After four out of six of Astro’s members took their turns jumping into the spotlight in their own solo or duo fashion, the group’s rappers, Jinjin and Rocky, have finally made their anticipated unit debut with the five-track album Restore. If the group’s versatility wasn’t already obvious enough — Cha Eunwoo has regularly graced the silver screen over the past few years, Moonbin and Sanha delivered the sultry EP Bad Idea in 2020, and main vocalist MJ released the trot-inspired single “Get Set Yo” last year — Jinjin and Rocky’s EP Restore only adds further depth and color to that characterization.
Restore is a cheeky snapshot at pandemic-era life that packs a punch in just over 16 minutes. It dutifully expands on the funky vibe Astro zeroed in on in their most recent mini album, Switch On, but with a bolder and more nuanced style. As the album’s title and title track, “Just Breath,” suggests, Restore is a therapeutic, much-needed breath of fresh air. It gives both Jinjin and Rocky the space to show off their respective skillsets beyond their roles as Astro’s main rappers.
Both also have production and writing credits throughout the album, and it shows, as each track followed by the next curates a distinct “JinRock” (as their fans call them) vibe and sound that separates them just enough their home group. Add a variety of genres and unexpectedly powerful vocals into the mix, and Restore is overall a burst of pure, unadulterated fun that showcases the duo’s unique versatility and talents together and on their own.
While the album’s first track, “Just Breath,” is one of just two songs on the EP that actually feature the duo together, it properly sets the tone for what’s to come of Restore as a whole. Upon first listen, “Just Breath” may sound busy, almost as if it’s being pulled in every and any direction. But, to an extent, that’s precisely the point. Lyrically, “Just Breath” is about letting loose, getting out of a funk, and celebrating overcoming the everyday hardships of quarantine and pandemic life.
So, to follow suit, the track lets loose with its packed-in instrumentals and melodies. It begins with a series of heavy breaths, which remain as a motif throughout. These are followed by funky and retro synths, guitar riffs, and horns, which break up each section of the track. Background noises like a telephone ring, and unexpected musical elements like a military-style march and chant, are sprinkled throughout to take the track through various twists and turns. But it’s Jinjin and Rocky’s earwormy vocals and humorous and theatrical ad-libs that add to the song’s original flair and light mood, just as the lyrics intend. The sillier elements do not let the track lose its way or purpose; instead, they enhance it, taking listeners on a boisterous, uplifting rollercoaster of fun.
“Lock down,” the only other track that showcases the duo together, follows a similar, funky vibe. But it features a slower, more intense beat and a deeper bassline to give a funk-rock feel. Jinjin and Rocky switch almost seamlessly between rapping and singing the song’s verses and chorus, thanks to a fitting layer of autotune over their vocals that further adds to the track’s crispness and groovy style.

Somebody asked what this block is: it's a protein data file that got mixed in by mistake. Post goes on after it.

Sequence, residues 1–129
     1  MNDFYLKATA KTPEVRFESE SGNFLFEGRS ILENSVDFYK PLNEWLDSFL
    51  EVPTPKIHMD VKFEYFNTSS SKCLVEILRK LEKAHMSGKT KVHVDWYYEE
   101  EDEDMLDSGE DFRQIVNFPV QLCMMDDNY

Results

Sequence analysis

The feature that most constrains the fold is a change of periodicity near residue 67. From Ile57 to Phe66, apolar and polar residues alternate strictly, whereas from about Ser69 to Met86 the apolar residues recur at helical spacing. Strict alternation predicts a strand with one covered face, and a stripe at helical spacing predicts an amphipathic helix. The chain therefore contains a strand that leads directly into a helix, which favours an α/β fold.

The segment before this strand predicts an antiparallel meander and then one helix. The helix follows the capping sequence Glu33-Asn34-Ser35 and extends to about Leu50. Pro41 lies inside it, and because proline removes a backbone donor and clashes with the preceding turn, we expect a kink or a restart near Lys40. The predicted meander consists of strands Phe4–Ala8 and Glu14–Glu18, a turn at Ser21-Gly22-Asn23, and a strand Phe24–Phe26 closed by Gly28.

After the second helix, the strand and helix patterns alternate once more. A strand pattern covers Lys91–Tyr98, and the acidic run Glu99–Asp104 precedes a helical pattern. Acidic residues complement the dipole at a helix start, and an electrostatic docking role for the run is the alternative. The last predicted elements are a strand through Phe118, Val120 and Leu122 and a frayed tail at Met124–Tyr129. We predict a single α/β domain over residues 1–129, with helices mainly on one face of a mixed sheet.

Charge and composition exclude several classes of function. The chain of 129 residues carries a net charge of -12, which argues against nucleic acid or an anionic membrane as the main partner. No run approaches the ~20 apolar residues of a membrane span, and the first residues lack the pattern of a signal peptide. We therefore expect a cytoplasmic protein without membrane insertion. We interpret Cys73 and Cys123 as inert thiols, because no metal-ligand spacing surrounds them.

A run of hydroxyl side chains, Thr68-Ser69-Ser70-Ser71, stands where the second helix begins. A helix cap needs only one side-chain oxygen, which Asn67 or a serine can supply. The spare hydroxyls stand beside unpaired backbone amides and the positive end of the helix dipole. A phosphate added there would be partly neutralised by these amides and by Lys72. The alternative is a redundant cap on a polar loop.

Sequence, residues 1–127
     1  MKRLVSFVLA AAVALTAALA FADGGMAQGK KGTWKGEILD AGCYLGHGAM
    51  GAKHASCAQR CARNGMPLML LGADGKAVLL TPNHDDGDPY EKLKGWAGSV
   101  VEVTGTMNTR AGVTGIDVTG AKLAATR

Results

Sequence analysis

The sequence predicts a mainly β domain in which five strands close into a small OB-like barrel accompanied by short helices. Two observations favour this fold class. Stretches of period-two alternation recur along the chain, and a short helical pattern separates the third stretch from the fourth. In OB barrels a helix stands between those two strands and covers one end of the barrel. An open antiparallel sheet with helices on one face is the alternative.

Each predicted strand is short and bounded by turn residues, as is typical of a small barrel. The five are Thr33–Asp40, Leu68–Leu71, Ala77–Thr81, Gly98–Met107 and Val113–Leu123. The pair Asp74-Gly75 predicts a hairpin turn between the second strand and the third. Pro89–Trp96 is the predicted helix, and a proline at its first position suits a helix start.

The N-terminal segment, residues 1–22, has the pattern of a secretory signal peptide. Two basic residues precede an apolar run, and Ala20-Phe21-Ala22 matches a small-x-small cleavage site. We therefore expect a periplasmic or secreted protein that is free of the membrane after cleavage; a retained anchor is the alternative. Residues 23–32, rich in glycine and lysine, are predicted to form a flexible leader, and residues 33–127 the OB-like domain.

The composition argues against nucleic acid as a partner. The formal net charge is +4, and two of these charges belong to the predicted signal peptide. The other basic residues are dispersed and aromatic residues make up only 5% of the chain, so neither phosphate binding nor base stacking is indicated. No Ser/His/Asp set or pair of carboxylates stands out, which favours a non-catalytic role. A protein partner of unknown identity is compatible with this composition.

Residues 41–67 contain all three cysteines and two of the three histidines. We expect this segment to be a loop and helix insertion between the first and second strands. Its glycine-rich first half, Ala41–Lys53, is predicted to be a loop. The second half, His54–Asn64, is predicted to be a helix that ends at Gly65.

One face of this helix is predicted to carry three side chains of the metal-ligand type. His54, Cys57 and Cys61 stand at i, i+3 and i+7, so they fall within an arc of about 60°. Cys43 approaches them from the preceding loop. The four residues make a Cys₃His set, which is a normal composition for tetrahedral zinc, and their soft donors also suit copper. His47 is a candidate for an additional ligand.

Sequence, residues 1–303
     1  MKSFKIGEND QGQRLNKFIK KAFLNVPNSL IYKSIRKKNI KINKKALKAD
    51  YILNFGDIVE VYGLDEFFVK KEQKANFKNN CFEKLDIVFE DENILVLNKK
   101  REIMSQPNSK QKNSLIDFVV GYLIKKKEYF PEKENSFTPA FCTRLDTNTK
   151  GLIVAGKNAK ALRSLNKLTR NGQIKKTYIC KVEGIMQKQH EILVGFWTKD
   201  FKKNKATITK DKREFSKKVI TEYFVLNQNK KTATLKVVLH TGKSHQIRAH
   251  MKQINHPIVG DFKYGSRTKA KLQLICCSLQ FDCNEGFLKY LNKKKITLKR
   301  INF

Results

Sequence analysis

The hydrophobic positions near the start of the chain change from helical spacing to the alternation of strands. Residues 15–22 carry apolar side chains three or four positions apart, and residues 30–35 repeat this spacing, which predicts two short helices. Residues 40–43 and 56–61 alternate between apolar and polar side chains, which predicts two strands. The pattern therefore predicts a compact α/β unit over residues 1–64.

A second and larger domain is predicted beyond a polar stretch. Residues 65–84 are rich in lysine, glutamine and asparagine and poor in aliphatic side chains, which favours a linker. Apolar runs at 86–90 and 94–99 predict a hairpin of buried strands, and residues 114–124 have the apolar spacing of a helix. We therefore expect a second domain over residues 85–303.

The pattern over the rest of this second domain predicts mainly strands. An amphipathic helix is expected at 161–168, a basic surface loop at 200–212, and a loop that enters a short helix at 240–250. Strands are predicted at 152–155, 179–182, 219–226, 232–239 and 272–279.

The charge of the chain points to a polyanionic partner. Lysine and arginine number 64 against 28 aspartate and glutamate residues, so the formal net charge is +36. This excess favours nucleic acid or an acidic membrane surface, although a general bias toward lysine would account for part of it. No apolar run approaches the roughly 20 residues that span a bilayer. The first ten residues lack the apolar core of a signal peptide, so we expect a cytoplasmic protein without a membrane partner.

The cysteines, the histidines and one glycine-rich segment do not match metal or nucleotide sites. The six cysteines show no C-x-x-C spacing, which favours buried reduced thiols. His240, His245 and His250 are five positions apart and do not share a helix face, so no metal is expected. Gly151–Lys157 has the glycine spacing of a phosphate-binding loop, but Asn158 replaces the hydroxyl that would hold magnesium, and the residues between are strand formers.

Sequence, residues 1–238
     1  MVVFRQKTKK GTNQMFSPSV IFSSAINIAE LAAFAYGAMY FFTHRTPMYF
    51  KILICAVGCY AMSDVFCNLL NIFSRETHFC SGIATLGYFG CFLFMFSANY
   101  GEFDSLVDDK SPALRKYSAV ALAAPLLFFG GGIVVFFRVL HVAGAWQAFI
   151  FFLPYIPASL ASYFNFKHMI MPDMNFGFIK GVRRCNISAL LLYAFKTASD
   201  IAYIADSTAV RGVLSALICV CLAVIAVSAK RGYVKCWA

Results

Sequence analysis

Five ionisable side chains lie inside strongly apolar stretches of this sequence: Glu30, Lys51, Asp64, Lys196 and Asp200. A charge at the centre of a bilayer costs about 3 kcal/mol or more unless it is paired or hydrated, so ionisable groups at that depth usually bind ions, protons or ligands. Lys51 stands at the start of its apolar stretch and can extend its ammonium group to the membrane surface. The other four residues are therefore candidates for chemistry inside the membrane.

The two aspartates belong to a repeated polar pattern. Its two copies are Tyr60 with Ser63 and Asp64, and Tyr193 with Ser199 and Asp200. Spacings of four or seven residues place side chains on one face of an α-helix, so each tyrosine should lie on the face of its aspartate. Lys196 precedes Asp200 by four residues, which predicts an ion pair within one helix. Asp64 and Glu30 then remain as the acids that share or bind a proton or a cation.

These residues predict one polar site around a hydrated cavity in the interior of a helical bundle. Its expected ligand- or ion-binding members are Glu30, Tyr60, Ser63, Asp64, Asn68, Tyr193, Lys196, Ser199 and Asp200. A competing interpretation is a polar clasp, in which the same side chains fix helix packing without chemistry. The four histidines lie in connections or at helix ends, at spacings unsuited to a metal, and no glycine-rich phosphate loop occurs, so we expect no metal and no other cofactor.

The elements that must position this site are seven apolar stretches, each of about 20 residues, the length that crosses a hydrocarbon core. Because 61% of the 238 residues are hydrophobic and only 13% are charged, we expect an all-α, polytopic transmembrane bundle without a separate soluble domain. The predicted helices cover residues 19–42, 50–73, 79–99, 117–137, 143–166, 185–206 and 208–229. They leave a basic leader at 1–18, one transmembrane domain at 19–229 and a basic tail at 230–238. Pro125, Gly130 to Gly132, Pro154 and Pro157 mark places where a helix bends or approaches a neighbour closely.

Unlike “Just Breath,” which traverses several different musical directions and styles before finding its end, “Lock down” hardly reaches a peak until its bridge, which features Jinjin’s rapping, then its outro, which ends the track on a more lighthearted note than it started. Nevertheless, “Lock down” still adds to the fresh yet daring vibe that the rest of the album encapsulates.
Unlike Moonbin and Sanha’s Bad Idea, which features the subunit together on every track, Restore ventures down a road less traveled for its remaining tracks, giving Jinjin one solo song and Rocky two to round out the rest of the album. Fitted to his personality and the song’s title, Jinjin’s solo number, “Lazy”, lands on a laid-back, easygoing feel. On the track, which features a bubbly piano riff and soft and sweet vocals from Weki Meki’s Choi Yoojung, Jinjin gets candid about fighting the relatable and constant urge to procrastinate and simply do nothing, especially during these times:
Makes a lot of excuses
The things you don’t wanna do tomorrow
After putting it all off, what I was supposed to do far away?
I’ll take care of it tomorrow (Yah, yah)
While Jinjin’s mostly autotuned vocals during the chorus–in which he repeats the line “I’m feeling lazy”–are catchy and addicting, it’s Yoojung’s airy and fresh vocals during the pre-choruses and bridge that round out the track and take its listenability to a whole new level.
Rocky’s two solo tracks, “Complete Me” and “CPR,” necessarily switch things up, while still staying in line with Restore’s retro and authentic undertones. The two songs are almost entirely different from one another. “Complete Me” mixes electronic synths and strong percussive elements with Rocky’s high and low singing and rapping vocals, while “CPR” showcases his impressive, emotive singing skills in the form of a heartfelt, ‘90s-inspired ballad. As the last track on the album, “CPR,” which also earnestly and cheekily begins with beeps from an electrocardiogram, leaves a lasting impression: Rocky quite literally ends the album on a high note with powerful vocals, lucid ad-libs, and even an unexpectedly raspy tone.
Restore’s result isn’t all that expected or predictable, which is part of what makes it such a fun and impressive release for Astro’s newest subunit. Once known only as rappers and leader and dancer respectively, Jinjin and Rocky have made a grand entrance to a crowded stage, showcasing their previously unseen personalities and talents on a bigger, shinier scale.